Ask Auntie Pinko
March 10, 2005
By Auntie Pinko
I manage my money carefully and use credit cards wisely. I'm
not rich, I make less than $40,000 a year, but I manage to save
at least $4,000 a year in IRAs and a regular savings account. I
don't buy things I don't need and my kids don't wear designer sport
shoes. I don't see why responsible people should have to bear the
burden for irresponsible people who overspend their income and can't
say "no" to their kids. What's wrong with bankruptcy reform? Shouldn't
people have to pay the price for their own irresponsibility?
Congratulations on your sound family financial management. Auntie
hates to bring this up, but a great many people who declared bankruptcy
last year are just like you.
The only difference is that, at some point, something entirely
beyond their control (catastrophic illness or job loss) happened
in their lives, and even those who had health insurance and/or savings
accounts were unable to continue making mortgage or rent payments,
paying utilities, car payments and/or insurance, health insurance
premiums, taxes, student loan payments, and other expenses outside
their ability to cost-control.
The Consumer Bankruptcy Project at Harvard University has been
studying bankruptcy for fifteen years. It may surprise you to learn
that only 4.3% of the consumer bankruptcies filed in 2001 were because
of credit card debt. Some other interesting facts:
- Over 90% of those filing for bankruptcy in the year that
ended 6/30/03 were middle class families and individuals.
- The number of senior citizens filing for bankruptcy increased
244% percent between 1991 and 2001.
- In 1971, the average one-income family spent 54% of their
income on "non-discretionary" costs like taxes, mortgage, health
insurance, car payments, etc. In 2001, an average family with
two incomes spent 75% of their income on non-discretionary
costs. Families are working harder, and still have less control
over their money, and less margin for savings.
- About half of the bankruptcy filers experienced "medical
bankruptcy" (that is, bankruptcy related to health care costs)
and of those, more than 75% had health insurance at the onset
Some ask why so many people rely on credit card debt as their
emergency safety net, and why they have so much trouble managing
even "necessary" credit card debt. It might be enlightening to note
that according to an FDIC study, the dramatic rise in bankruptcy
rates is directly linked to banking deregulation, which has allowed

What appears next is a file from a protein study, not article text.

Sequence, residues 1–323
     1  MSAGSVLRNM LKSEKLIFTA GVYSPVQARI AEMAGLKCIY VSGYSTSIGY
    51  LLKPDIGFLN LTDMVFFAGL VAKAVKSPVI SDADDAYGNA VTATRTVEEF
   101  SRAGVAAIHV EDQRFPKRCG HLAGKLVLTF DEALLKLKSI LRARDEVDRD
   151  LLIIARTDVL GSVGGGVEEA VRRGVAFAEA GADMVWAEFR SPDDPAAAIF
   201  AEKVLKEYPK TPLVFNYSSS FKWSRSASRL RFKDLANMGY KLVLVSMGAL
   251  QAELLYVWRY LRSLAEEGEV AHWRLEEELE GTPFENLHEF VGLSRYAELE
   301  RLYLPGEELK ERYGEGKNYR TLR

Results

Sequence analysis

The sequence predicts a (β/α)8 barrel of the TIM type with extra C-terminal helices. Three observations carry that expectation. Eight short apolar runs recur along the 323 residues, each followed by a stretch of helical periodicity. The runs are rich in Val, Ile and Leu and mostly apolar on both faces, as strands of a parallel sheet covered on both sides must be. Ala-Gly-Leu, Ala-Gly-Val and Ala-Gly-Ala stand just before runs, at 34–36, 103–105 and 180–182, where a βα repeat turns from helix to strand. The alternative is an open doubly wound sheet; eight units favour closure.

the credit industry to engage in unrestricted predatory and exploitive
Deregulation has allowed the credit card industry to employ sophisticated
marketing to prey on financially vulnerable users. The aim of the
credit card companies is to acquire users who will maintain high
balances, make minimum monthly payments and pay hundreds (or thousands)
of dollars in interest. Without regulatory standards in place to
limit interest rates and establish standards for credit-worthiness,
credit card companies are free to dispense multiple high-interest
cards to high-risk individuals.
In other words, it is the credit industry's own business practices
that promote the massive growth of consumer debt. And their response
to higher levels of default and bankruptcy has not been to be more
responsible in their lending practices, but to become more predatory,
raising interest rates arbitrarily, instituting high fees for an
increasing range of reasons, and issuing even more credit cards
at even higher risk of default. Using these tactics, the credit
card industry has not just maintained, but increased its profitability
even as bankruptcy and default rates have soared.
If there's irresponsibility involved here, Keith, Auntie would
have to say that the impact of the credit card industry's rapacious
practices is far, far larger than the impact of the 4.3% of filers
whose bankruptcy can be traced solely to credit card overspending.
Anyone who wants to check the figures quoted here is free to Google
Consumer Bankruptcy Project and FDIC bankruptcy study. There's a
lot of interesting information out there on the Internet, and I'm
sure your time won't be wasted. Thanks for asking Auntie Pinko!
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